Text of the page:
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There are people who watch Star Trek for the hard science? That has to be one of the most frustrating watching experiences ever, no matter which of the shows you watch.
Are there any hard science tv shows? I can't think of any.

I guess if you're grading on a curve (a really, really steep curve) then Star Trek TNG/DS9 is hard-ish sci fi compared to contemporaries like Quantum Leap or Stargate. Maybe.
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  #10645  
Old 01-20-2019, 03:18 PM
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If anime counts, there's Planetes, Space Brothers, and Rocket Girls.
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  #10646  
Old 01-20-2019, 07:21 PM
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^Those. Especially Planetes.

But The Expanse might have a big hard sci-fi buy-in in that they've invented an ultra-efficient Brachistochrone Drive in-universe. But most* of the series is built upon plausible mid-future stuff. Like, the series should actually get special mention for, say, its casting of people with Marfan Syndrome as Belters.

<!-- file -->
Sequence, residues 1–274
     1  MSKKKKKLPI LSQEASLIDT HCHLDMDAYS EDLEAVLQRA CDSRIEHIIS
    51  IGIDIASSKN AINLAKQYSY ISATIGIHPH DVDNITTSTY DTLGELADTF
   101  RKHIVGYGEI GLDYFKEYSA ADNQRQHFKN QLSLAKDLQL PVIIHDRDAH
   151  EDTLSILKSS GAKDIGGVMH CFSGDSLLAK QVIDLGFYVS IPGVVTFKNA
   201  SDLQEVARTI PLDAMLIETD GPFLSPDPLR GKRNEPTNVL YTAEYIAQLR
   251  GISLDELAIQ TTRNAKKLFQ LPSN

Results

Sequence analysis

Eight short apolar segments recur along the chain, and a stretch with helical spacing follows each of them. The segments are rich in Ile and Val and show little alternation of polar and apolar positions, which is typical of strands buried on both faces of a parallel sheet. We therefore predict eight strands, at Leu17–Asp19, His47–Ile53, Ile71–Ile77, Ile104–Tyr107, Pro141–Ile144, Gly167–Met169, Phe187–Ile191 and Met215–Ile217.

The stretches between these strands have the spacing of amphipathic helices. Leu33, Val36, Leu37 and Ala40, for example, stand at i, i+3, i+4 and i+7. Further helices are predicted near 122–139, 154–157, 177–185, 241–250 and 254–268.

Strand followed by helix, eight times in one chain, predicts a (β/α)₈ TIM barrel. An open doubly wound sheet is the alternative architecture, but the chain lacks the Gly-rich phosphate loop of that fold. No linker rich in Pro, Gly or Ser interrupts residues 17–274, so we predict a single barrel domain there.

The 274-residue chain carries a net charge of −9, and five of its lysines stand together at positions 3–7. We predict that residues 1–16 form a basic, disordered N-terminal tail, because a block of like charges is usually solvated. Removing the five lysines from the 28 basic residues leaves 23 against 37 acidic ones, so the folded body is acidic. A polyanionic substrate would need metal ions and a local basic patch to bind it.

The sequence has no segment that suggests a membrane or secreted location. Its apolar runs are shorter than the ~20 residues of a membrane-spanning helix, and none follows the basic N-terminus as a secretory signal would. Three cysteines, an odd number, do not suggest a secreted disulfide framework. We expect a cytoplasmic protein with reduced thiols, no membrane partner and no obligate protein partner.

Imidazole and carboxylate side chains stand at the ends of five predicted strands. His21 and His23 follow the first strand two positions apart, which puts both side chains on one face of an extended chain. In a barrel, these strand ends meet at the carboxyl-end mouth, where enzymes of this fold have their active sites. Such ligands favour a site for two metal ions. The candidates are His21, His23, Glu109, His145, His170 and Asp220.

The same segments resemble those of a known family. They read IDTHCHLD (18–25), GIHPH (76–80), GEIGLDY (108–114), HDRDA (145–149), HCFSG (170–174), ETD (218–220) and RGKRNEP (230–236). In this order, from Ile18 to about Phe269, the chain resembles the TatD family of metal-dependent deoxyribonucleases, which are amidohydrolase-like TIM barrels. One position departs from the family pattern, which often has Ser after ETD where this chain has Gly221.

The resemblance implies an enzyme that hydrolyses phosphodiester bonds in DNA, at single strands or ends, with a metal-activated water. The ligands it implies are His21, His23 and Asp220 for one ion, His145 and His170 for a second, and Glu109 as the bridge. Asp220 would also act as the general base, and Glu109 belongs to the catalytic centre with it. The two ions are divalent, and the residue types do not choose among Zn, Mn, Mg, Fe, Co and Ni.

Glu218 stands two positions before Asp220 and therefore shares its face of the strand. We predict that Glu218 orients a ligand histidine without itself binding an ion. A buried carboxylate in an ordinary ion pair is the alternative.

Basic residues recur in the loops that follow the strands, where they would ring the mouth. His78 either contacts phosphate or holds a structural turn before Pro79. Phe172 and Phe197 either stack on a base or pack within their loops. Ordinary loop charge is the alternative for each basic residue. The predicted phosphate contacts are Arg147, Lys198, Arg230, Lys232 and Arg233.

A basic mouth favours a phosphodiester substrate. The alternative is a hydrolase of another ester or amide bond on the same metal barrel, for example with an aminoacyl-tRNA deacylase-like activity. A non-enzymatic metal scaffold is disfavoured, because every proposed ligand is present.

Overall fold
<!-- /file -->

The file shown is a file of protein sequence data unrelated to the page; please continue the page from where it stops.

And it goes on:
[You should watch The Expanse, though]

EDIT: also, as far as screen media in general, there's 2001: A Space Odyssey, 2010: The Year we Make Contact, Europa Report, Moon, The Martian. We're rife with plausible mid-future shit - we're just not at the point as a culture to handle astronauts jacking-off in a transhab radiation cellar for half a year on our way out to a Mars flyby.

Last edited by Peach; 01-20-2019 at 07:43 PM.
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  #10647  
Old 01-21-2019, 06:26 AM
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^Those. Especially Planetes.
Funny, because I was thinking "^Those. Especially Space Brothers."
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  #10648  
Old 01-21-2019, 06:37 AM
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Are there any hard science tv shows? I can't think of any.
Orphan Black, maybe, until they introduce bio-slugs and a very old man.
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  #10649  
Old 01-21-2019, 06:43 AM
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Old men confirmed fictional.
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  #10650  
Old 01-21-2019, 06:47 AM
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Old men confirmed fictional.
My favourite mythical character was George Burns.